But later, the way Bill Melendez described how these things were done, Schulz would create an outline independently of Melendez or Mendelson, for the most part. He would send that to Melendez. Melendez would then take it and storyboard it out. And obviously, Schulz, probably his secretary, had collected the strips. And so basically, he's getting not Schulz thinking this through bit by bit and how it all put pieces together, but he's just getting this outline. They make a storyboard for it, they send it back to Schulz.

So Schulz basically changes it and rewrites it, off of the storyboard they create. And then he sees Schulz two times after the outline in person. And then there's like, two two-hour meetings, and then that's it. And then Schulz is like, okay, you're the animator. You make it happen.

And so it is a very formalized process. Like, so much limited animation was done, like, in the Saturday morning. It was like, you'd have somebody who was not an artist write a Scooby Doo script or whatever. And then they would send that to Hanna Barbera. And then somebody who never met the writer would storyboard this out and lay it out as best they could. And so you wouldn't get visual gags or whatever, because the writers, it's all words. There's no visuals to help write the story. So it's kind of this weird hybrid with what Schulz is doing. He's actually sending them finished things in comic strip form that they have to translate. And because it's done, I think it's not assembly line process, but it's a back and forth. I think after you do the special a couple of times when they're working together, then it's just I'm off in my corner doing this, hand it to off to you. You do it in your corner, and there's not that collaboration.

June 23, 1958. Linus is annoyed, but in classic thumb and blanket position behind him, Lucy is hectoring him. “You and that dumb blanket. You'll be dragging that thing around for the rest of your life.” Linus yells after her, “well, what’s it to you. Maybe I won't drag it around for the rest of my life.” Then he thinks about it for a little bit. Panel three then shouts out to his sister, who has now left the room, “maybe I'll have it made into a sport coat.”

Jimmy: It's impossible to not do the read like this show, which I'm trying not to do, but it's almost impossible.

Michael: People do tend to shout in the last panel, though.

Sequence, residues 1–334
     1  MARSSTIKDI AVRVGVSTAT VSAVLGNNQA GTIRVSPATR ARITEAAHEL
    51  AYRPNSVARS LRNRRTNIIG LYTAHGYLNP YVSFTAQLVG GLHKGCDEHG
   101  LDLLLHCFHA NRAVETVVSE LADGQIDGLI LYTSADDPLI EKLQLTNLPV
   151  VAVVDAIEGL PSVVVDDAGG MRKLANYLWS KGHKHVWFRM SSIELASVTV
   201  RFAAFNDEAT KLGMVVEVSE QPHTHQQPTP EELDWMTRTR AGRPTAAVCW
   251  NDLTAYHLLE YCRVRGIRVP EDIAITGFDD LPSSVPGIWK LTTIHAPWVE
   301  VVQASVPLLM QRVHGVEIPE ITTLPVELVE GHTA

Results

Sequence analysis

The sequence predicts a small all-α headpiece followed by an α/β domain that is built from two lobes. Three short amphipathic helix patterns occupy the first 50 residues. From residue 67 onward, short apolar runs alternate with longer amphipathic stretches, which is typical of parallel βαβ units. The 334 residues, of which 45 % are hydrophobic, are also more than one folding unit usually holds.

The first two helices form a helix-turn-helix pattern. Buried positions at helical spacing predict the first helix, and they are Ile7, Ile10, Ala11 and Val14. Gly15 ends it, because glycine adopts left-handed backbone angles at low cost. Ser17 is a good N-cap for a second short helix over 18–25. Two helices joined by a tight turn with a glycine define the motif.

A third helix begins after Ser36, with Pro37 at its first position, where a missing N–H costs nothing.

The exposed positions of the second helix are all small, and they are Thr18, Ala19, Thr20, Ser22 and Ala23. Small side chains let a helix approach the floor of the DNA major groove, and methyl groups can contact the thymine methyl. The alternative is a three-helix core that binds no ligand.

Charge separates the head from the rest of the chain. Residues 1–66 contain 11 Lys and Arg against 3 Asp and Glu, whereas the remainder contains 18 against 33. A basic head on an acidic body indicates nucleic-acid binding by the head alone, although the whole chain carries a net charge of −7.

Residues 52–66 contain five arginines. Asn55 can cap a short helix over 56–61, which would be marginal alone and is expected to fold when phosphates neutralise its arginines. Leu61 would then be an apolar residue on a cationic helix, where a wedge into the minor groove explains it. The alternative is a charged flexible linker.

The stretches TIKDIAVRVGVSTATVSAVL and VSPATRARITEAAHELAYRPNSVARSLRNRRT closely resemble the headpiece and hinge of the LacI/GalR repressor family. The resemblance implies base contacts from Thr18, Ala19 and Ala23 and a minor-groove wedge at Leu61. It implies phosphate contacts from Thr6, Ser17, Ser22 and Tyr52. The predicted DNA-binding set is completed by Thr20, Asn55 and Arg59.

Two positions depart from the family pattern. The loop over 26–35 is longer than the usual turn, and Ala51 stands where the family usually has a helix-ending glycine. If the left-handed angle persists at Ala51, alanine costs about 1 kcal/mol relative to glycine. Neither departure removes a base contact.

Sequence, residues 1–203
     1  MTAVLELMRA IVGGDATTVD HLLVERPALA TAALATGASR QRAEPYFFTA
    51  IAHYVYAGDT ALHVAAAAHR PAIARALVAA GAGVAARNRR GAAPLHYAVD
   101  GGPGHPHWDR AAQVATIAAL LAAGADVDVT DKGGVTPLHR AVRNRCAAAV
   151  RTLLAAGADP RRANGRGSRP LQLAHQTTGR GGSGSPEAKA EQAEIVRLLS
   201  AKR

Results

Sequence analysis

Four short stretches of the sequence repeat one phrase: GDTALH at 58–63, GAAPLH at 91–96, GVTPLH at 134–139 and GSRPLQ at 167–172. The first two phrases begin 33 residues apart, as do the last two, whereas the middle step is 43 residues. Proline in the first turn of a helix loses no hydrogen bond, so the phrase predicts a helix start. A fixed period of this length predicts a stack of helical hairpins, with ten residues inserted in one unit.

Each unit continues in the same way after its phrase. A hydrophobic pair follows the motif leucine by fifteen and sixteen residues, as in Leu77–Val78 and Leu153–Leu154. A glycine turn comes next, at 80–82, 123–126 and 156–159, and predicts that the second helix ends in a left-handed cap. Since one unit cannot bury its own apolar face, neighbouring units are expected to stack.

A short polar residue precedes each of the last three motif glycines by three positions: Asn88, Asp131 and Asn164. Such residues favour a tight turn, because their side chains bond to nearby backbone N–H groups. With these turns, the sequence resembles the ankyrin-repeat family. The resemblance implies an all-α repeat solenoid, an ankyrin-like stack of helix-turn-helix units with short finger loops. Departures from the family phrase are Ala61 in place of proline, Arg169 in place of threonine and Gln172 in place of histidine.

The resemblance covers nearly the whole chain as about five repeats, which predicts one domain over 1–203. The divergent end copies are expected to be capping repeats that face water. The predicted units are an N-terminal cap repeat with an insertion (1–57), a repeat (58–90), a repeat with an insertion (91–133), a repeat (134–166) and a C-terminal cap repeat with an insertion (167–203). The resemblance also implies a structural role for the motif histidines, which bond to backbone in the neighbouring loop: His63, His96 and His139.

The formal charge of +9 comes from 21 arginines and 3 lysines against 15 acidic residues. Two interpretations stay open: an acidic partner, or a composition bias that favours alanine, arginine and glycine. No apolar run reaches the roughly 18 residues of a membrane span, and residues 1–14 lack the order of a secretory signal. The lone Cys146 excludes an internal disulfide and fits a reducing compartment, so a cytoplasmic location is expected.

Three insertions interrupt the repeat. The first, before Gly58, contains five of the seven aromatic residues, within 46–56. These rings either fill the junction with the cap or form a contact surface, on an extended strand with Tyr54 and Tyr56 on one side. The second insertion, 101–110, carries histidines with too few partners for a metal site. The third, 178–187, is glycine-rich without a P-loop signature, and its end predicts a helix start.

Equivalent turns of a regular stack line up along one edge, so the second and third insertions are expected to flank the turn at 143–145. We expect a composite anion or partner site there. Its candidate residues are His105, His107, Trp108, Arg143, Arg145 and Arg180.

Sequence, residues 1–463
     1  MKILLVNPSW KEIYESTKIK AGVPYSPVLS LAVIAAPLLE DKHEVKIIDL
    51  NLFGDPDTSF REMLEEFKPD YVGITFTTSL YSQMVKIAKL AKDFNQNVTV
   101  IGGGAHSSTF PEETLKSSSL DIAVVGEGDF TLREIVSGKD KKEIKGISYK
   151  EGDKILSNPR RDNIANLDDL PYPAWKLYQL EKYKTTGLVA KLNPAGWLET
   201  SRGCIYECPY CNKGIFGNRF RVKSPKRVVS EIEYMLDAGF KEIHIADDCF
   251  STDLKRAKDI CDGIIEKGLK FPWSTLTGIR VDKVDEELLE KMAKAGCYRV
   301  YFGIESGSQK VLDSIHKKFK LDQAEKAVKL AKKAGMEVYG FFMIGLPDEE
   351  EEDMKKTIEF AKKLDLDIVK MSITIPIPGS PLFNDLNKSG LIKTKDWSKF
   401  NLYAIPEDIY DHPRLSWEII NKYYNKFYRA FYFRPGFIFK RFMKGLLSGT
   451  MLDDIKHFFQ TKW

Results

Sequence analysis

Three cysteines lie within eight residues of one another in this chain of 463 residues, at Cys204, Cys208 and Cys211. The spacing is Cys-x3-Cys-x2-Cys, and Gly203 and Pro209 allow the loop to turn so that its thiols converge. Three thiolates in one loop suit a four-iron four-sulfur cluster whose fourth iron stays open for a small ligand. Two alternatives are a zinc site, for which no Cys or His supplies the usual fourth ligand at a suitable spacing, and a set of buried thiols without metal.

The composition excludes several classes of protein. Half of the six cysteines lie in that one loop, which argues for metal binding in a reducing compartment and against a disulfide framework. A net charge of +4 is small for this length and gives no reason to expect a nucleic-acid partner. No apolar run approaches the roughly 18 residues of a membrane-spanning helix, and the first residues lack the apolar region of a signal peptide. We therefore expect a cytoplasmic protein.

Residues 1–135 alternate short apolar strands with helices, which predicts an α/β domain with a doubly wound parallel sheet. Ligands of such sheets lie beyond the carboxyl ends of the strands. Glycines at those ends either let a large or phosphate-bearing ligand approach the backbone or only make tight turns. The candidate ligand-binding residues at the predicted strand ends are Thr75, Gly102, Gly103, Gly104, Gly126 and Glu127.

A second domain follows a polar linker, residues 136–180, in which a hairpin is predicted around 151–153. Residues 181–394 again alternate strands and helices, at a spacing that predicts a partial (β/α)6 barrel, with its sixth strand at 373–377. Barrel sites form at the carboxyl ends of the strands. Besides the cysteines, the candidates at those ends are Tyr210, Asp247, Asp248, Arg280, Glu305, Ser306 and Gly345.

May 24, 1964. In the first panel, we see the psychiatry stand. Psychiatric help, five cents. The doctor is way out. Charlie Brown, looking very upset, walks towards the stand, saying, “I hate feeling like this.” He sits down. Lucy is there now, and he says to Lucy, “I've come to you because lately--” Lucy interrupts him. “Wait a minute. Before you begin, I must ask that you pay in advance. $0.05, please.” We see two panels of Charlie Brown fishing a nickel out of his pocket with his tongue out of his mouth, putting it in the can. And then Lucy says, “Boy, what a sound. How I love to hear that old money plink. That beautiful sound of cold, hard cash. That beautiful, beautiful sound. Plink, plink, plink. What a beautiful sound. Plink, plink, plink, nickels, nickels, nickels. That beautiful sound of beautiful plinking nickels.” Then after this, Lucy puts her head on her hands and leans over the booth and says to Charlie Brown “all right, now, what seems to be your trouble?” Charlie Brown can only sigh.

Michael: Why does the sky keep changing colors?

Jimmy: well, I was looking at this I believe this is a recoloured job, because we're looking at classic Peanuts. And also, you can tell by the gradation in the sky from the blue or light blue. But he just did that. He would just do that abstract color. And, we almost always are looking at black and white strips when we're discussing them on the podcast. But because we pulled these from actually, the Peanuts wiki, because at the moment, GoComics has been down for, like, four days, so I'm very concerned about. Yeah. So good luck, Go Comics, whatever's going on there.

Harold: Yeah, but this was something that Schulz did do a lot. He'd use really, bold and changing colors from a yellow to a blue to a red in his Sunday strips. And having read a lot of these in black and white, it was the ones in real time, like in 1975 or whatever that I was reading. And I remember that that was very distinct part of Peanuts was Sunday Schulz would not hold a background color. He would mix it up a lot.

Jimmy: All right, if you had to vote now, you could only see the Sunday strips one way for the rest of your life. Color or black and white. What are you voting? Michael?

Michael: I got to go for black and white, but they were in color. For some reason, they never reprinted them in color.

Jimmy: Harold, how about you?

Harold: That's tough. if I could have one or the other, I guess I choose the black and white, because when it comes to color, there was nothing about Schulz's color choices that made me feel better about the strip or, like, the strip more, I guess. So black and white, you just get to focus on the line art more, which I think is gorgeous.

Jimmy: Yeah, I would go black and white, as well.

Harold: Now, look at that panel where he's putting that nickel into the can. Look at the perspective on the top of her sign. It's like going way up there.

Jimmy: It's completely off. And it's the kind of thing that you wouldn't even necessarily notice unless it was colored.

Harold: Yeah.

Jimmy: That is one of the downsides of working in color, is that you can't have those sort of soft-- well, you can, but you have to work a lot harder with the color. Those, soft edges where you're kind of not trying to have the eye go, which is definitely what's happening there. But it's fine, too. I'm not crazy about the coloring job on, this. I'm curious as to how close it is to the original, and no offense to whoever did it.